Georgetown University School of Foreign Service in Qatar (GU-Q) recently hosted Justin Gengler, research program manager and senior researcher at the Social and Economic Survey Research Institute (SESRI) of Qatar University, for a public lecture titled “Studying Public Opinion in Qatar”. His presentation was a part of the Monthly Dialogue Series organized by GU-Q’s Center for International and Regional Studies (CIRS), and provided an overview of the way public opinion polling takes place in Qatar, the unique challenges that are faced by surveyors, and the changing attitudes towards the importance of public surveys.
“It was a distinct honor to have hosted a political scientist of Mr. Gengler’scalibre,” said Dr. Mehran Kamrava, Director of CIRS. “With so much effort going into research on topics of regional and local interest, the type of direct, household surveys that are conducted by SESRI are an invaluable addition to the body of knowledge that informs so much of the work that students and scholars do, among others.”
Apart from the Qatar Statistical Authority, SESRI is the only organization conducting household surveys in Qatar, and was established in 2008 in close association with the University of Michigan’s Institute of Social Research, a long standing survey research center that conducts several world recognized surveys.
“There are 2 primary modes of data collection in Qatar: household and phone surveys,” explained Gengler, describing the process of acquiring data directly from people living in Qatar and the region. For SESRI, approximately 85% of their work is household surveys, with recently added cell phone surveys now comprising 15% of their work. “Our samples are nationally representative, so we have separate sub-samples for Qatari citizens, expats, and migrant laborers.” He cites the size of samples of surveys as including anywhere from 800 to 4000 survey respondents.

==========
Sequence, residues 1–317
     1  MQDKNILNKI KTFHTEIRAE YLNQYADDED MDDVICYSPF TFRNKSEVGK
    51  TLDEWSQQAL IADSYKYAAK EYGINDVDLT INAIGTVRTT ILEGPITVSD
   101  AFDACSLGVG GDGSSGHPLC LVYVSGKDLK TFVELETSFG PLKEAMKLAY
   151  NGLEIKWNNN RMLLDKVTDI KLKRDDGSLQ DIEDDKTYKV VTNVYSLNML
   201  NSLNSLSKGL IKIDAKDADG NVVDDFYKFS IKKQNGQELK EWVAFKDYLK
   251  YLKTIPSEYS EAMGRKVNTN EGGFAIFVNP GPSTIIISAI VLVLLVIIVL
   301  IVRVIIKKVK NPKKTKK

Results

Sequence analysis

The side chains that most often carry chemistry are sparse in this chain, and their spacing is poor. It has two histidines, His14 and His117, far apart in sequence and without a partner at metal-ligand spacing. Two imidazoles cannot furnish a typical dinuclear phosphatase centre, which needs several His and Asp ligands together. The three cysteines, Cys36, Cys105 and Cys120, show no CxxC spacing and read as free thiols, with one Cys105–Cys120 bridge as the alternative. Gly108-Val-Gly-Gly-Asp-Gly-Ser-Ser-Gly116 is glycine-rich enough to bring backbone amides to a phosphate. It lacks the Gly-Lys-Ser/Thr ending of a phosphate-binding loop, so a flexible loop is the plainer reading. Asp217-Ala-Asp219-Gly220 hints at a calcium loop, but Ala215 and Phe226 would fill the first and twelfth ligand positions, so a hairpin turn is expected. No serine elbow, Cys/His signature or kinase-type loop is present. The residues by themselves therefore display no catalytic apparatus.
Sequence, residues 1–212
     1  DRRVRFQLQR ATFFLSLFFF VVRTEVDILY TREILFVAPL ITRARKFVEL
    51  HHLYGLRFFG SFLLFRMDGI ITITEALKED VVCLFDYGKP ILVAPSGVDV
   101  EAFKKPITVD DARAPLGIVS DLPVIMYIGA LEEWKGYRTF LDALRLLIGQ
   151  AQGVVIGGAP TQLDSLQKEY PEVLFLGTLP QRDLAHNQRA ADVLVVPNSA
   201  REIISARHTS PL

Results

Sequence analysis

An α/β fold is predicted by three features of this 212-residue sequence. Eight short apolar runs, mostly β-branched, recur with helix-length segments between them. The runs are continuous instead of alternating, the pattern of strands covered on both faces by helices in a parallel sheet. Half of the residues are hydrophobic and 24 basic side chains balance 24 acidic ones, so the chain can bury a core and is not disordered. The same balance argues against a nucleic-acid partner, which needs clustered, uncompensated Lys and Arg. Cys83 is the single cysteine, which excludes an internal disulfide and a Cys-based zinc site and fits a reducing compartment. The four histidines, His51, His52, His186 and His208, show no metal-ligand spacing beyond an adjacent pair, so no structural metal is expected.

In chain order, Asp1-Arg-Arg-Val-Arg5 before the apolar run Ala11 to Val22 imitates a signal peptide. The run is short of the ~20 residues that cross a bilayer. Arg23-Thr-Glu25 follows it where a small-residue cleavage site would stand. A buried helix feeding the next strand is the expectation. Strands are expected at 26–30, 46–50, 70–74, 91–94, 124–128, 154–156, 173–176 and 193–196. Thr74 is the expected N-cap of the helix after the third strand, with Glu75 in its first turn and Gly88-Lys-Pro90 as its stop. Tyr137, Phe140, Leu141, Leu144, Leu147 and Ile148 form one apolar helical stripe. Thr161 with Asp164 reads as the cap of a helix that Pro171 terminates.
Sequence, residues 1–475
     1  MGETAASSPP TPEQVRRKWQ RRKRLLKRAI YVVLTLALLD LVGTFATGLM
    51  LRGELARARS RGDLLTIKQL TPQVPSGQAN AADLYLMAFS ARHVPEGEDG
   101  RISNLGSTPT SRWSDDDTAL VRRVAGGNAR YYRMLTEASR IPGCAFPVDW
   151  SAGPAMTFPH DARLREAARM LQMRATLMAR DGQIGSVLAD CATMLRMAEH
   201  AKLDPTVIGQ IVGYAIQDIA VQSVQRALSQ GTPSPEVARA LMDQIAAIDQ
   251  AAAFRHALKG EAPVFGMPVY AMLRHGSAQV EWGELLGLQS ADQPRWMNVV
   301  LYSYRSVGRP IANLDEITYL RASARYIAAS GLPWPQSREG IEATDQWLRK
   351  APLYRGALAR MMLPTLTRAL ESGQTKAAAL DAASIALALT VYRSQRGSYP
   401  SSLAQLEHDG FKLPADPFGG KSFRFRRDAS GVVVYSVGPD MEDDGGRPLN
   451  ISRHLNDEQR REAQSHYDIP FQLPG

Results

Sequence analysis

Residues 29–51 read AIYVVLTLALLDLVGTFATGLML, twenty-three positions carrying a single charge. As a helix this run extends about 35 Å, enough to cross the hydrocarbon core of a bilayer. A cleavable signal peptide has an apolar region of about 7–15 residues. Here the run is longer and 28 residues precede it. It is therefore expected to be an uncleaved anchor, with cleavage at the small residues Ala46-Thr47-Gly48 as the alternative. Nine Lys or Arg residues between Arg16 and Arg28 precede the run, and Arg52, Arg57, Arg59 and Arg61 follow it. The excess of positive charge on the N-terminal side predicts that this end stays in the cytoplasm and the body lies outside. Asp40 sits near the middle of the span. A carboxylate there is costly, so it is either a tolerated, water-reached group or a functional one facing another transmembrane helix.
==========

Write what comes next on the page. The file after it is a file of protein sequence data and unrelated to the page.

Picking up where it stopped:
“We are very busy despite being small. We currently have 10 household survey projects per year, and 3 phone survey projects per year, which is a lot for a small center,” he said. The types of surveys conducted by SESRI are mainly academic, with some commissioned work by state organisations, private industry, fellow researchers in Qatar University and elsewhere. Past surveys have included tracking Qatari nationals’ and foreign residents’ perceptions of local, regional, and international issues. “It’s not the case that we only study ‘innocuous’ topics that are primarily political or social. There are a lot of interests covered,” added Gengler.
He explained the levels of analysis for the data that has been collected, outlining the benefits, and limitations, of each. The primary level, explained Gengler, is a single data point or statistic and limits the benefit of the data. By comparing or analyzing the data across time to see how it has changed, or by understanding the societal context, more conclusions can be drawn. “This secondary level offers some basis for comparison, is more informative and helps to clarify the data.” And lastly, the tertiary level considers the relationship between responses and other variables to find patterns or draw conclusions that aren’t readily obvious with simpler analysis.
Citing the obstacles to public polling, Gengler said: “The main challenge in Qatar is the demographic. We have this need for separate sampling frames because we have different populations living in different areas. We also have multiple translations for expats, not just English and Arabic, also Filipino, Urdu, Nepali, Hindi, and more for our multi-population surveys. We have few Qatari nationals working as field surveyors, which can present some challenges, but we’re looking to overcome them.” However, Gengler remains positive about the future of surveying. “There is a newfound appreciation in the Gulf, including at the elite level, for this research. It’s seen as objective, based in empirics, and people see the value in staying ahead of public opinion. So in fact there is great interest in the region for honest data on the views of citizens.”
Justin J. Gengler is a contributor to the volume Sectarian Politics in the Persian Gulf, published by Hurst/Oxford University Press. His work has also appeared recently in Middle East Policy (2012), Journal of Arabian Studies (2013), and Middle East Law and Governance (2013), in addition to numerous policy-oriented publications.The mission of the Social and Economic Survey Research Institute (SESRI) is to provide sound and reliable data to guide policy formulation, priority setting and evidence-based planning in the social and economic sectors.